Then he fucked up and let slip that he knew who she was from (seems the creepers have a stalker-information network). She flipped. I became more on guard. He tried to touch her shoulder. She told him not to touch her again, and to not talk to her. Then our friend S intervened and asked D if I made him nervous. He looked at me, but didn’t say anything to me. I decided it would be more intimidating if I said nothing, but glared at him. So I did. S continued to tell him he should be intimidated by me. Dude D eventually walked off, and seemed scared of me for the rest of the party.

Then A told me I should go in the hall to make sure that D, who followed a young woman he had been eyeing out into the hall, didn’t follow her any farther. He freaked out when he saw me, and went back to the party. I explained to the young woman, and she laughed and thanked me.

Later it turned out Dude D and company stole a bottle of gin from the party, and also found A’s room and opened the door, before heading out. So yeah– they were real creepers, but people refuse to believe it.

My reason for this anecdote: when does me watching out for my friends become a paternalistic, masculine endeavor. Last night I decided to watch, and let A fuck with D, but I wanted to end it right away. Because I also saw that he thought she was flirting with him. Also because I was itching to fight someone which seems an excessively masculine thing to want. If I had fought him would he have not gone into A’s room? What if she had been there? How do I make the line between interventionism and a caring friend?

Shit’s tough. I guess I need to remain in dialogue; make sure I don’t overstep folks’ personal autonomy.

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iran electionThis article written by an Iranian woman sheds light into some challenges that feminists face in Iran.  In addition, some of the comments under the post offer some insightful criticism of the article. I don’t mean to downplay the anti-feminism of American society by posting this piece. Feminists face different challenges all over the world, and that is what I wish to illustrate. Also, the piece is particular to current events.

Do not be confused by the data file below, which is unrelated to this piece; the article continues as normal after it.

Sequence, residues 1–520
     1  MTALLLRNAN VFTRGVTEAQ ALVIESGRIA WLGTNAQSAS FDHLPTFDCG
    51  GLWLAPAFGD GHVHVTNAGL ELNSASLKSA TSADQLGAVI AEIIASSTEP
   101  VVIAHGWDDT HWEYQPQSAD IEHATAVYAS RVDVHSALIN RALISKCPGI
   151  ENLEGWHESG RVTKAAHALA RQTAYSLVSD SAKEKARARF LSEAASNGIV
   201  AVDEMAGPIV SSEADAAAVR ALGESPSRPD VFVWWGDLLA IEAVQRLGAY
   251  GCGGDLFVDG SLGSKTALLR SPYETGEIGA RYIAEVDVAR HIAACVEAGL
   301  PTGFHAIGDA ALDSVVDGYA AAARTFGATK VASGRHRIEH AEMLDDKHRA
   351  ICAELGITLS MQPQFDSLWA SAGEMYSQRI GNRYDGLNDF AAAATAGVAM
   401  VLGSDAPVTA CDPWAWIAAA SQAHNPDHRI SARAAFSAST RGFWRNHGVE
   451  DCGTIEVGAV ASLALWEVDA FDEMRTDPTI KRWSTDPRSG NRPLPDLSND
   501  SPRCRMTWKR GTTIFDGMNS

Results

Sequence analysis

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The more I think about rape, the more I feel that it exists in a wider spectrum than is currently acknowledged.  I recently got the news that a girl I know was raped by the guy she was seeing at the time.  There were drugs involved.  She wasn’t passed out and she didn’t say no, but afterwards she was really upset because she thought she was too intoxicated to consent.  I think if  she feels raped she deserves the support that would be given to any other rape survivor, but is the guy who did this a rapist?  Do you think it’s possible for a man to rape a woman unintentionally?  I know that right now the law says it technically counts as rape if the person you had sex with was intoxicated, but most of the drunken sex I hear about (or participate in) results in no more trauma than the mutual awkwardness that sets in the morning after.  It seems like between sobriety and blacked out, there’s a lot of grey area that isn’t addressed very often.  Maybe there are situations where rape has occurred, but also where a prison sentence for the man wouldn’t be appropriate.